Anyone remember sniglets? They had a word for these folks. Expresshole: the a$$hole using the express checkout lane with excess items in the shopping cart.
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Old 09-22-2009, 08:24 AM   #35
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....

However, if you want to talk about something that does annoy me at the supermarket it's those people who get in the express line, 15 items or less - cash only, with a trolley load of 50+ items and proceed to write a check. I just don't get why they do it. Perhaps someone can help me out as to the logic as to why people do it?
Sometimes when a clerk is not busy he will wave me over despite a full cart.
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Old 09-22-2009, 10:59 AM   #36
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Maybe This Would Help...

...someone is selling these metal signs on eBay for about $9US each.





When I had my hip replaced and was in rehab, I had a temporary handicap tag to hang on my rearview mirror. When I applied for the tag, I was told that, due to fraud and misuse, the State of Pennsylvania contacted the medical professional to ensure that the appliction form was actually signed by that individual. It took so long to get, by the time it arrived I almost did not need it anymore.

When I did use it to park in a handicap spot, I could sense some people would look at me get out of the car and believe I was not handicapped - especially when I was able to walk unassisted without a cane.
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Old 09-22-2009, 11:11 AM   #37
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Joe, I have also had express-lane cashiers at the grocery store wave me over with a full cart. Of course while my stuff is being rung up, someone comes behind me with only a loaf of bread, not knowing I was invited into the line.... I hope no one lets the air out of my tires for that.

What about using the handicap-accessible stall in the restroom? Anyone keeping tabs on that?
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Old 09-22-2009, 11:25 AM   #38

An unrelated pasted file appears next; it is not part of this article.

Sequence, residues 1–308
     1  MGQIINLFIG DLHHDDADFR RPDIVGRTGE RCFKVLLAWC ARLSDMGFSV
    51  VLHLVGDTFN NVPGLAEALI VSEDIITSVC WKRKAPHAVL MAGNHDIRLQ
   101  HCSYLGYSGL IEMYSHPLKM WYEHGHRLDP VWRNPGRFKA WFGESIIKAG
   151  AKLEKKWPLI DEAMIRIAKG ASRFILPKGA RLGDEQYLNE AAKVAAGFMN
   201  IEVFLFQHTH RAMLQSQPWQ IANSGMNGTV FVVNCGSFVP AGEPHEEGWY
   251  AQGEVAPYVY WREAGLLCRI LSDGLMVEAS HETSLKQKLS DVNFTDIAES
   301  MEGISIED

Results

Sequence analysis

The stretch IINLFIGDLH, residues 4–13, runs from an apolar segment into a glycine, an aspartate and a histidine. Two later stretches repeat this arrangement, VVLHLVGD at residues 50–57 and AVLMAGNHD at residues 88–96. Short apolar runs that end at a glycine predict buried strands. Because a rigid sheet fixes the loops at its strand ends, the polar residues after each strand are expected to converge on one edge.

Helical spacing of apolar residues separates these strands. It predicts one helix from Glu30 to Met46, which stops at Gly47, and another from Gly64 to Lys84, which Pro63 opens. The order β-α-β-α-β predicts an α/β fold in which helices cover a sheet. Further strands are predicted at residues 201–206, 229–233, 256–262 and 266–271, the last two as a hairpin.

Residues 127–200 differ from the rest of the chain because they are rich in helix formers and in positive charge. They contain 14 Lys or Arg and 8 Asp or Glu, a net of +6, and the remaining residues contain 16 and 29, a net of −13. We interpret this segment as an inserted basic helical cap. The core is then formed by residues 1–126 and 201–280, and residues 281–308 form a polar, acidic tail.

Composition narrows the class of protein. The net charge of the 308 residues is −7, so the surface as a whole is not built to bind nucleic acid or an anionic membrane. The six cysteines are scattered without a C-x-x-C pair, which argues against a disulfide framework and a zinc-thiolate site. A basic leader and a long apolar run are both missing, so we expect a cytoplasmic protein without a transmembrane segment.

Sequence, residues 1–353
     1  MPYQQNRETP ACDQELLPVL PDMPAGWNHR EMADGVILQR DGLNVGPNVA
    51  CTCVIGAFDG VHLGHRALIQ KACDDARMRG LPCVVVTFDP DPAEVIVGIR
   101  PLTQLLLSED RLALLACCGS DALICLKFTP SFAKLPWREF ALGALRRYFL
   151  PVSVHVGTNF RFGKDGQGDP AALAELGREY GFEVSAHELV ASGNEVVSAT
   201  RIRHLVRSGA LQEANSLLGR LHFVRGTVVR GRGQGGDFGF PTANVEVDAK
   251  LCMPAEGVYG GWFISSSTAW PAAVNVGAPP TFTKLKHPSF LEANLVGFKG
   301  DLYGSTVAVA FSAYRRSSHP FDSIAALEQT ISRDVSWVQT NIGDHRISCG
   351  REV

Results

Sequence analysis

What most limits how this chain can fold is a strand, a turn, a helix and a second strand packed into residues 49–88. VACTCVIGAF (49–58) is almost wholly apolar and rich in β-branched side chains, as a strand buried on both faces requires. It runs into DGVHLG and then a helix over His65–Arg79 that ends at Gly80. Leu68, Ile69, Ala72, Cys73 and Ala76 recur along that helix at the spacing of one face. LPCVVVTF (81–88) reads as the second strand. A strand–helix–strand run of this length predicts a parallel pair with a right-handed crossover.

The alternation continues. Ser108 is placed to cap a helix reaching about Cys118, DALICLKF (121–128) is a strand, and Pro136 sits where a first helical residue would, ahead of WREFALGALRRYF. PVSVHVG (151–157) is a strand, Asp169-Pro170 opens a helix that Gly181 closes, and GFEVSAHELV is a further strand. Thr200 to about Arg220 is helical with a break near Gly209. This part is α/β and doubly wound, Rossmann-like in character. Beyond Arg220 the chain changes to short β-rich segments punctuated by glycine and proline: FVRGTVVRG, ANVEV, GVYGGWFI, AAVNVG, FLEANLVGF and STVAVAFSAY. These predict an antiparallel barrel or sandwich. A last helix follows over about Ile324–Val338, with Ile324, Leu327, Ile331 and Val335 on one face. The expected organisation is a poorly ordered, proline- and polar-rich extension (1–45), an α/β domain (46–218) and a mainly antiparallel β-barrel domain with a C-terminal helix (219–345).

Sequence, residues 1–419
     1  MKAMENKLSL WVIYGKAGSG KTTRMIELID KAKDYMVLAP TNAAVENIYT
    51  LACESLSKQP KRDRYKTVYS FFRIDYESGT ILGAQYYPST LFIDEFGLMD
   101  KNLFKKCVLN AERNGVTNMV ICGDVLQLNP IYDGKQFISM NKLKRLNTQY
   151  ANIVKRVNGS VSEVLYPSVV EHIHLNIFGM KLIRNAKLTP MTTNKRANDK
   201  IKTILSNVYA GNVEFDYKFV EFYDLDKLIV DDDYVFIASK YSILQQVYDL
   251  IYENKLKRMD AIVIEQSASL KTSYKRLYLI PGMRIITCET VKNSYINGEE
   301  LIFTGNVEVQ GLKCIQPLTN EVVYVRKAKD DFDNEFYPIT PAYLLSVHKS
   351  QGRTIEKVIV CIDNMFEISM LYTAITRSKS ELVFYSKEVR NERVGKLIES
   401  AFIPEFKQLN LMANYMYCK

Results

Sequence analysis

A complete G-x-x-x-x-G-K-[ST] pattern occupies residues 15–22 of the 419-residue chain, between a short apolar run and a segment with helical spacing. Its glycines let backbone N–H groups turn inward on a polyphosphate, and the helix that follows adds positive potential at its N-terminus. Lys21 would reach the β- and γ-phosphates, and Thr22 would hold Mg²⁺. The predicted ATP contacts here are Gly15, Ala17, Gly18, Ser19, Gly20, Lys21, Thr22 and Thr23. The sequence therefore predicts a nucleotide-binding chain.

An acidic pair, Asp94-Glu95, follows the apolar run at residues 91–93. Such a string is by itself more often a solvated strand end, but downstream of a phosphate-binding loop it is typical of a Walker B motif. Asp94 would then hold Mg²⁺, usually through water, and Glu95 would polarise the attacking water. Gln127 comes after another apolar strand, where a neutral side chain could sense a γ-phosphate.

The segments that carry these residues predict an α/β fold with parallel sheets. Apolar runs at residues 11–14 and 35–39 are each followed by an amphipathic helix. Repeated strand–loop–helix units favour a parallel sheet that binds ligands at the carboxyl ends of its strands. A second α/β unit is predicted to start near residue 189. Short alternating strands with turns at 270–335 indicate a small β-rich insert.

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What good is that?

The person with too many items still gets waited on before the people who got in the right line.
Yes, it's not the best solution but it gets them out of the express line. While we are on the subject and off topic I'll say that grocery checkout might work better with a single waiting line -- but it might be a little awkward to implement.
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Old 09-22-2009, 11:32 AM   #39
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To heck with the express lane at the grocery store--I would pay extra for a checkout line without kids in it! Squalling their heads off while mama or daddy shows of those parenting skills they learned at the trailer park down the street.
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Old 09-22-2009, 01:51 PM   #40
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I have had handicapper plates since about 1980. I first got them for permanently broken bones in my diabetic feet that would not heal. Since then I have qualified for them for more serious foot problems and kidney failure. I now wear an Aircast walking brace (since '91 - it's permanent). Before I got the brace I used to get *lots* of snide comments about how how I "didn't look handicapped" to the commenter. If they were close by or particularly nasty I would suggest that they call the cops and complain.

Once, back in '97 we had just gotten a new car and had the temporary plates on it so I was supposed to use my placard. I had had the HP license plates for so long by then that I didn't even think about parking in that spot. When we came out of the Home Depot on the first day with the new car - Surprise, I had a parking ticket. We had forgotten to use the blue hangtag. I spotted the Sheriff and went over and asked her if she had given me the ticket. She very nicely said "Yeah, we got a lot of calls on that." I 'splained the situation and she took back the ticket!

I have many times had to park way out with the unwashed masses due to people waiting for someone to run a quick errand and parking in the last handicapper place. They are not temporary, 5 minute parking places. What anm I supposed to do, get out of my car and walk over to them and ask them to move?

The State of Virginia has the permitee's name and birthdate on one side of the red (temporary) or blue (permanent) mirror tags and instructions to hang them on the mirror with the name side towards the interior.

Now, my wife has the handicapper plates, too, for her bad knee AND back. She is getting her knee replaced in about one month. We are the handicapped parking team.

We try to park in the furthest away handicapped spot from the door so that a really bad off person can have the closest one.

Mike D.